Before and After: A Basic Bar Cart Makes Way for a Luxe Feature Wall for About $500

published Mar 15, 2022
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About this before & after
Home Type
House
Project Type
Dining Room
Style
Glam
Skill Level
DIY
Rental Friendly
No
white small bar cart
Credit: Susan Kunish

Bar carts are basically an apartment essential. They’re perfect for storing glassware and stylishly displaying go-to cocktail and mocktail ingredients and supplies. They’re great for apartments because they’re often compact and portable. But if you have the space in a house to go all out with your bar setup, why not embrace something even bigger and bolder?

Apartment Therapy has seen some ultra-cool projects that turn bar setups into feature walls, and this one from homeowner Susan Kunish is no exception. Thanks to paint, it looks built-in but is actually totally removable because it’s made from an IKEA IVAR setup neatly tucked into an existing alcove in Susan’s dining area.

Credit: Susan Kunish

“This spot in my dining room is inset a bit,” Susan says of her dining room corner. “I wanted to add a banquette originally, but I like to have options on my dining table.”

Wanting to keep her options flexible for her table shape and seating, she decided to add a bar made from IKEA IVARs instead. She painted them — and the other walls in the dining room — a midnight blue shade (Behr’s Starless Night) as she wanted to make the whole space a bit more dramatic.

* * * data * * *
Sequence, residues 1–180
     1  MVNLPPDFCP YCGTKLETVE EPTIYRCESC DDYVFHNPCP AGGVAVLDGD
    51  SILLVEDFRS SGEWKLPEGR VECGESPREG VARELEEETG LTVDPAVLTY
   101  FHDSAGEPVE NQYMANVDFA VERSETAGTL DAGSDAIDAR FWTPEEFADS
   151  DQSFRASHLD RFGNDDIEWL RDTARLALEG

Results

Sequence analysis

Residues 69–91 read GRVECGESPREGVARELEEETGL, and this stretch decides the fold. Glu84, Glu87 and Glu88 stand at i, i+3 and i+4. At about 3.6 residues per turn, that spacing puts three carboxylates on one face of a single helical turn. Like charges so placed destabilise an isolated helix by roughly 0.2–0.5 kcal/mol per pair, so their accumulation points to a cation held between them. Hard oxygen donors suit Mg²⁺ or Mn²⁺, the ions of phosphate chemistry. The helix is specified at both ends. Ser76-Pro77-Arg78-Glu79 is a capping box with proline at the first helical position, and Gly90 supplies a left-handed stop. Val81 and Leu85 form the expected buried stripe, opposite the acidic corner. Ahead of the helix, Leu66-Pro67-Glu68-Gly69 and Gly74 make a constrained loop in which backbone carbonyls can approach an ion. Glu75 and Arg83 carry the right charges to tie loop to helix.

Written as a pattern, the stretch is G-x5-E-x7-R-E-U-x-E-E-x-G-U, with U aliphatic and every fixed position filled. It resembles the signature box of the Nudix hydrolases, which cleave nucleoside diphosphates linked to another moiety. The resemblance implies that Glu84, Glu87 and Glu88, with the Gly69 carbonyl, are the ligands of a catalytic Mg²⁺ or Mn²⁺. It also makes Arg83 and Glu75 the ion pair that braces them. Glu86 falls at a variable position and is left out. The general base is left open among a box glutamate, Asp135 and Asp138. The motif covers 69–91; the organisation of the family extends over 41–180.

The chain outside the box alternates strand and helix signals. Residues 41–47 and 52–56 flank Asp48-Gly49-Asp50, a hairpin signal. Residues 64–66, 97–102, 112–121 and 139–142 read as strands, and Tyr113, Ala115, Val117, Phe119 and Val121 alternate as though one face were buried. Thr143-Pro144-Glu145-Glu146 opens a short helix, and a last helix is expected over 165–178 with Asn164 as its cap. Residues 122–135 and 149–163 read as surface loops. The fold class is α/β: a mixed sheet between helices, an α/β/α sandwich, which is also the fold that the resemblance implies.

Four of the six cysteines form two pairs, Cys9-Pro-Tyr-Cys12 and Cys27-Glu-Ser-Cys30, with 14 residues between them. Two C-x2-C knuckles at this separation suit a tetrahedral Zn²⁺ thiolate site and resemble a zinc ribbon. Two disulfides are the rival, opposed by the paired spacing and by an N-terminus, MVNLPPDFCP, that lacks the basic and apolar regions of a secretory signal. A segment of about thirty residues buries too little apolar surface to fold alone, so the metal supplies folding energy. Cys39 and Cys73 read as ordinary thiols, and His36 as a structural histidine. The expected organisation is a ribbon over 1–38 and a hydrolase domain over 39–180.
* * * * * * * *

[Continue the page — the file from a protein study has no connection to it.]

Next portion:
Credit: Susan Kunish

Susan added feet from Amazon to the IVARS as well as elongating cabinet pulls from Etsy. The brass hardware gives the whole space a high-end, boutique look.

Above the cabinets, Susan bought wood for open shelving and brackets from Amazon to hang them because she was looking for a way to show off her pretty barware.

“For styling, I actually had almost everything that is currently on the shelves, we just ‘shopped’ the house and put all the better wine glasses and liquor bottles on display,” Susan says. “I bought the bar tool set and the ice bucket at Target, but those were the only items I did not already have.”

Credit: Susan Kunish

Susan’s advice for anyone looking to hang similar shelving is to consider what’s behind the wall where the shelves will go. In her home, it was a staircase, and the stud finder kept reading the stair risers behind the wall. In the future, it “might be helpful to measure it all out and see what is behind the wall before measuring and drilling to avoid patching,” she says.

“We wanted to try to get at least one side [of the shelving] in a stud, but it just would not center the right way, so we had to make a trip to home depot to get heavy duty molly bolts to use,” she explains.

And Susan’s advice for anyone who has to go the heavy duty bolt route? Don’t be dissuaded by the options at the hardware store; you can always paint them, like she did, to match her new brassy brackets.

Credit: Susan Kunish

Susan completed the project with the help of her husband and daughters, and it took them one weekend. “Me and my husband painted and primed everything first, ordered the legs and hardware and bought the wood for shelving and had it all ready to go when they came,” she says. With more hands and eyes, they were able to hang everything (and make sure it was level) more quickly.

The project, in total, cost about $500, she says.

Susan still plans to add copper cladding to the top of the bar, which will be the perfect finishing touch to her moody and metallic new setup. Cheers to that!